By Nancy Maddox, writer
Sara Rose Barth affectionately refers to her two young daughters—Riley, age 6, and Teagan, almost 4—as mini mes.
“Riley is exactly like her father in personality and stubbornness and being a night owl. Teagan is the early riser, the organizer, creative and over-the-top. She would be my mini me.”
Yet despite their differences, Barth says the girls “have a true sister bond.” Both were born with cystic fibrosis (CF), an inherited disorder that affects about 30,000 US children and adults and about 70,000 people worldwide. People with CF have a defective gene that causes the body to produce unusually thick, sticky mucus that clogs the airways—leading to potentially life-threatening lung infections—and obstructs the pancreatic ducts that secrete enzymes to help the body break down and absorb food.
When she had her first pregnancy, Barth knew she and her husband were CF carriers, meaning they each had a recessive mutation for CF. Genetic testing at 11 weeks of pregnancy indicated the baby had inherited the mutation from both parents and, if test results were correct, would be born with the disorder. “We did quite a big roller coaster ride of emotions,” said Barth. “We were going to continue anyway.”
Riley arrived six weeks early, and, Barth said, “has been a spitfire ever since.” Newborn screening confirmed the earlier test results.
During Barth’s second pregnancy, she and her husband opted to forego prenatal testing. As Barth says, “We weren’t going to do anything anyway.”
The Michigan Public Health Laboratory expedited Teagan’s newborn screening results, which showed that, like her sister, she has CF.
The main treatments for the disorder focus on minimizing lung and digestive problems caused by mucus build-up. Riley and Teagan take oral pancreatic enzymes to help digest food, take a specially formulated vitamin to get a nutrient boost, and have breathing treatments to keep the mucus moving through their lungs. They also take antibiotics to prevent lung infections and, every 18 to 24 months, receive two to three weeks of stronger, intravenous antibiotics—a “tune up” the girls call it.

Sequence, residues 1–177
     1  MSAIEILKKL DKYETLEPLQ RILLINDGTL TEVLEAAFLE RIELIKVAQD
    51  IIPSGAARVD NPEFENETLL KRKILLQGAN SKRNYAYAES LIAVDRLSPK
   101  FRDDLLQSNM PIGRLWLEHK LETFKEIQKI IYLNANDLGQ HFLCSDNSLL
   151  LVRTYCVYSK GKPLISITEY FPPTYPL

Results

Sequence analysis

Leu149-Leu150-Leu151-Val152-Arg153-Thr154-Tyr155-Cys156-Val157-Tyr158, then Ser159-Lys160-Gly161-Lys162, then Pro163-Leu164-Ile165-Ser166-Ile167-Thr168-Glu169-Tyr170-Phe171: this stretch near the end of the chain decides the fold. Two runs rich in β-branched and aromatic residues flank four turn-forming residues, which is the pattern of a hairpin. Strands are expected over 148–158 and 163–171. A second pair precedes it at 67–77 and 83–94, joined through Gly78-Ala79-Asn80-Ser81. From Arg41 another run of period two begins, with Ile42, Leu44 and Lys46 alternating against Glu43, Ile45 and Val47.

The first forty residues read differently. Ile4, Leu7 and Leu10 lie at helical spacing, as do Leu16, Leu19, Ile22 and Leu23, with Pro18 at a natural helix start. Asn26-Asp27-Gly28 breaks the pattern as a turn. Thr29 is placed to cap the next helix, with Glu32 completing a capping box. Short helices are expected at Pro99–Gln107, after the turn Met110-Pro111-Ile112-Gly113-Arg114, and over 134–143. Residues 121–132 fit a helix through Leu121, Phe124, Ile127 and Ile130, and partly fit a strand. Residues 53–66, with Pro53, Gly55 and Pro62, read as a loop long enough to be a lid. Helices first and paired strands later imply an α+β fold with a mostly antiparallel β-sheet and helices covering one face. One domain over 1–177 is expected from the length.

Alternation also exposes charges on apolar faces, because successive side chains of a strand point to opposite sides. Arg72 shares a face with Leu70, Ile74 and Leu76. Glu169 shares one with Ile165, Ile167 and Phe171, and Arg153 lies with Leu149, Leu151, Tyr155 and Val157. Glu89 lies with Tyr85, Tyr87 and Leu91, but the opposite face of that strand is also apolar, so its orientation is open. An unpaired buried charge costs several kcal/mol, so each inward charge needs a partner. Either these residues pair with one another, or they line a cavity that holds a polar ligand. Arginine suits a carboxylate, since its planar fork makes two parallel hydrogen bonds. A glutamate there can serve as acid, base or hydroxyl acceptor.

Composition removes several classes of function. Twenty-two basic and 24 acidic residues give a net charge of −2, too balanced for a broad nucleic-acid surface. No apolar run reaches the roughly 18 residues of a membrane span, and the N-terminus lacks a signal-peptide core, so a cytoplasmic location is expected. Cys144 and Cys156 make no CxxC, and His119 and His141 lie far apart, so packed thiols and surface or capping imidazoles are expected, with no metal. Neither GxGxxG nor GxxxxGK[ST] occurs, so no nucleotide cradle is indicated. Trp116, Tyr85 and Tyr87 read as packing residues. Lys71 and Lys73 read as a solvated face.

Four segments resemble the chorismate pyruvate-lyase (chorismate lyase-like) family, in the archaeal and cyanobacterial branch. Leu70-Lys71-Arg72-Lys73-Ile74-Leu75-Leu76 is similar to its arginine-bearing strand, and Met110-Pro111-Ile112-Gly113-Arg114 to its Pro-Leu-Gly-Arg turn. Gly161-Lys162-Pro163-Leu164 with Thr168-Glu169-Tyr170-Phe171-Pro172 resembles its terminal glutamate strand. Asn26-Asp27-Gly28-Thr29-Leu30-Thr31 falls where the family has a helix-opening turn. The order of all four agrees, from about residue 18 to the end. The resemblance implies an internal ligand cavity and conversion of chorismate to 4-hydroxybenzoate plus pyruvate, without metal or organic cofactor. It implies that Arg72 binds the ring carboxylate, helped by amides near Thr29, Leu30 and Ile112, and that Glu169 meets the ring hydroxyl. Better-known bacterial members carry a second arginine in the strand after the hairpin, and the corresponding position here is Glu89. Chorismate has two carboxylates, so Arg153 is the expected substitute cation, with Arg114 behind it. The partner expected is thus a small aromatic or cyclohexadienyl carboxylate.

“My kids are very good and understanding that treatments are not optional,” says Barth. “They know the routine and know what they need to do. They sometimes correct the therapists: ‘That’s not how you do that.’”
Nonetheless, Barth says, “We don’t let CF dictate our lives. We try to emphasize normalcy on a daily basis. The girls still have to follow rules and are disciplined.”
And they have a healthy dose of play. Both Riley and Teagan take swimming lessons in Novi, Michigan, where they live. Riley is a daisy scout, has been enrolled in ballet class since age three and is practicing lyrical jazz at the moment. “She is my diva,” says Barth. “She can go from happy-go-lucky to giving you the glare that would melt you. She has to know about everything. She’s always questioning and trying to figure things out.”
Teagan is taking a summer “princess ballet” class and also takes gymnastics. Barth calls her “your I’m gonna go play football in a dress kind of kid.” She says, “If there’s something to hang on or dangle from, she would be the kind of kid who goes and does it, no matter how high or where or what the risk is.”
Barth is grateful the girls received an early diagnosis, so they have the best possible chance for a long and active life. She says, “Newborn screening is not something to fear. It’s not knowing your kid is sick that you should fear. Newborn screening is your window into knowing what’s going on with your child.”
In 2011, the Michigan Public Health Laboratory screened 112,177 Michigan babies for newborn screening disorders. Eleven were identified with cystic fibrosis.